Another survey, released last week by the Canadian Medical Association (CMA), shows growing dissatisfaction with the current system. The findings reveal that six in 10 Canadians expect the quality of healthcare to worsen over the next five years. And with 58 percent of respondents acknowledging that their confidence in the system is falling, versus 51 percent in 2000, Canadians are seriously contemplating a user-pay system. While 56 percent of survey respondents say they would pay more in taxes to maintain current service levels, 49 percent say they would welcome an approach that blends public and private care.
Canada's provincial leaders pledged C$1 billion (US$640 million) to purchase high-tech equipment starting this year. But any shortening of the typical two-month wait for patients to receive MRI tests and CAT scans isn't likely soon.
"It will take a decade to get speed of access and modern healthcare back in Canada," says Michael Decter, chair of the national board of the Canadian Institute for Health Information, and former deputy minister of health in Ontario.
Although Mr. Decter agrees that the system is shaken, he still says that modernized public healthcare is the solution.
"We do well on life expectancy and immunization of children compared to the US," he says, noting that the US spends about 40 percent more on healthcare in total than Canada. "But we see the drug ads on US television and worry that we're not as shiny and new as the Americans."
Fixing the deficiencies of the healthcare system is now the mandate of a royal commission, headed by former Saskatchewan premier Roy Romanow. Over the next few months, Mr. Romanow will head to London, Paris, and Washington to gather insights that could help remedy Canada's ailing system.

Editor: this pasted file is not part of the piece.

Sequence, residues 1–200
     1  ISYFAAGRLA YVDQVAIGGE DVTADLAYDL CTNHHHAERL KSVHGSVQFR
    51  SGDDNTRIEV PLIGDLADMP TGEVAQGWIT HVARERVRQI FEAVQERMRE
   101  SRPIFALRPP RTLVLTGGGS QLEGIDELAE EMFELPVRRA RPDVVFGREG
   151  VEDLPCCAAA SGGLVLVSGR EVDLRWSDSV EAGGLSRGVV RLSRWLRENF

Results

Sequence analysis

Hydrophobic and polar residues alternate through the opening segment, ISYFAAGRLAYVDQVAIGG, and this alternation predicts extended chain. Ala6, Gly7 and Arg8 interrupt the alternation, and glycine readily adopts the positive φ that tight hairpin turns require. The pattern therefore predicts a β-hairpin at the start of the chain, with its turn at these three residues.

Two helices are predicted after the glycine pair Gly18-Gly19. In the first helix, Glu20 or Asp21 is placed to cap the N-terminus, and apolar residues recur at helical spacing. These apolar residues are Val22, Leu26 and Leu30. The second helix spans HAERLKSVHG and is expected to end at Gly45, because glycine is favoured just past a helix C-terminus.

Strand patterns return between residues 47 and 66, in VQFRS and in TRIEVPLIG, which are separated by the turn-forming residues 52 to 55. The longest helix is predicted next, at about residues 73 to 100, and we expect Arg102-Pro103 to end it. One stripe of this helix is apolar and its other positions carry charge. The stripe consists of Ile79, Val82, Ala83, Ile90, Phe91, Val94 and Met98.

Solutions would likely include greater home care, user fees for patients who can afford them, and private or semiprivate hospitals, all of which top-ranked countries such as France, Sweden, and Australia feature.
The strains on the system are already forcing local shifts to alternative models. Some communities are allowing nurses to treat minor cases without referring patients to a doctor. Seventy-seven percent of nurses and 60 percent of doctors support this approach.
One of the CMA's recommendations is setting national standards for wait times.
"Canadians are divided over the establishment of user fees," says CMA president Dana Hanson. Although Dr. Hanson believes in a publicly funded system, he doesn't discount private-public partnerships. Some provinces already hire private labs, he points out.
Should Romanow's commission fail to deliver a workable solution, Canada's 10 provinces might be forced to take matters into their own hands.
"Some provinces could independently impose user fees or copayments," suggests Walker. Ontario and Alberta are the two provinces who, he says, might be able to give up federal Medicare aid in favor of a provincially run system. Both provinces are wealthier and less dependent on federal outlays to balance their medical costs.
But Mr. Reinhardt says introducing some features of the US healthcare system might be fraught with difficulties. "[The US] system has left 40 million people uninsured," he says, "and medical bills have become the second leading cause of personal bankruptcy in the US."